Manchester City will offer boss Pep Guardiola a lucrative new long-term deal after overturning their Champions League ban.
City won their appeal against their two year UEFA ban for breaking Financial Fair Play (FFP) rules, after the Court of Arbitration for Sport (CAS) ruled in their favour.
The ruling means City are free to carry on playing in the Champions League and has removed the threat of a mass exodus of players due to their potential European exile.
City bosses will also use the decision to persuade Guardiola – who is already in the final year of his £20million-a-year contract – to sign a new long-term deal.
City had been accused of falsely inflating the value of sponsorship deals to comply with FFP, a charge the club had always denied.
The allegation they inflated the value of sponsorship deals – effectively ‘self-sponsorship’ – to meet FFP rules was dismissed by CAS, allowing for the overturning of the ban.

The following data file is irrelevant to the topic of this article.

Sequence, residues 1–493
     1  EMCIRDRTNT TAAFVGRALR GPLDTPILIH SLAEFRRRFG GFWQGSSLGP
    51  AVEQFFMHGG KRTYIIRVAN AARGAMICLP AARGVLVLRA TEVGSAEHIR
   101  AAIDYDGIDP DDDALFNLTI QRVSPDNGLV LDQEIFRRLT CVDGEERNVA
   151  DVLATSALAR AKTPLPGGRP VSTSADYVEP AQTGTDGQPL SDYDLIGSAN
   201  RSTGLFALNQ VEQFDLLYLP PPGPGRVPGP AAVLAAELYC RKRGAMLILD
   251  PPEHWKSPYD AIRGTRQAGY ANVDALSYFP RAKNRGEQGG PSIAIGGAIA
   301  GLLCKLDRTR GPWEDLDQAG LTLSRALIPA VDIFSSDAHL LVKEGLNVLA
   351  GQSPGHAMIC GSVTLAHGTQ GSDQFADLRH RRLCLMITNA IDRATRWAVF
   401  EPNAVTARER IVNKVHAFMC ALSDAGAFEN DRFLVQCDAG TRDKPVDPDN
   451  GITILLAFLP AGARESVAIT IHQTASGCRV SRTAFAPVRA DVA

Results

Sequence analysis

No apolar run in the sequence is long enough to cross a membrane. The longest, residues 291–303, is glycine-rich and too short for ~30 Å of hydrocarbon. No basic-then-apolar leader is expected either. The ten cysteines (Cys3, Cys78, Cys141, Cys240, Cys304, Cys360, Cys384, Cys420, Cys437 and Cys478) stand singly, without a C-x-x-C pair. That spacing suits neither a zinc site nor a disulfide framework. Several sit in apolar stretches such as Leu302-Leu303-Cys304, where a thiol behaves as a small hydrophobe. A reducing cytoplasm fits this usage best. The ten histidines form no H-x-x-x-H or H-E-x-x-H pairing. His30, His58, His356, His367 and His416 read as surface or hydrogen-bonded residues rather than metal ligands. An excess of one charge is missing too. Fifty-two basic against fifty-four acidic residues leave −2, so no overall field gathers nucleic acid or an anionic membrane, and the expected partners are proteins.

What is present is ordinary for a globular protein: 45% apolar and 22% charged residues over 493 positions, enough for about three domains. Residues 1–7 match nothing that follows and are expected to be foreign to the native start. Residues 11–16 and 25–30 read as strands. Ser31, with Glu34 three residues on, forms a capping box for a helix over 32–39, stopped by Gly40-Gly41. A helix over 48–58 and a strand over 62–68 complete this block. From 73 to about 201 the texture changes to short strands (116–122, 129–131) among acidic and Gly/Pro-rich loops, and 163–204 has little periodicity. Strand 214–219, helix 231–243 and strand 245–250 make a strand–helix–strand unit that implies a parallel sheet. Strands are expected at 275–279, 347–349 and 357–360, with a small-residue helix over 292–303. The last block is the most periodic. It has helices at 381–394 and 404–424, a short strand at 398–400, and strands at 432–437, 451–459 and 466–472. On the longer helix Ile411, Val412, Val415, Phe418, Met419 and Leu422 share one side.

But the CAS verdict did not completely exonerate City, who broke Article 56 of UEFA’s regulations, which compels all clubs to cooperate fully with investigations.
City were found to have disregarded that obligation and obstructed the process, but their subsequent £8.9m fine is money down the side of the sofa for a club of their financial might.
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CAS said the allegations were “either not established or time-barred”, the latter meaning alleged breaches from 2012 could not be proven because they exceeded UEFA’s five-year cut-off period.
On the overturning of their ban, City issued a statement that said: “The club welcomes the implications of the ruling as a validation of the club’s position and the body of evidence that it was able to present.”
The ruling has dented the credibility of FFP, but UEFA said: “Over the last few years, Financial Fair Play has played a significant role in protecting clubs and helping them become financially sustainable and Uefa and European Club Association remain committed to its principles.”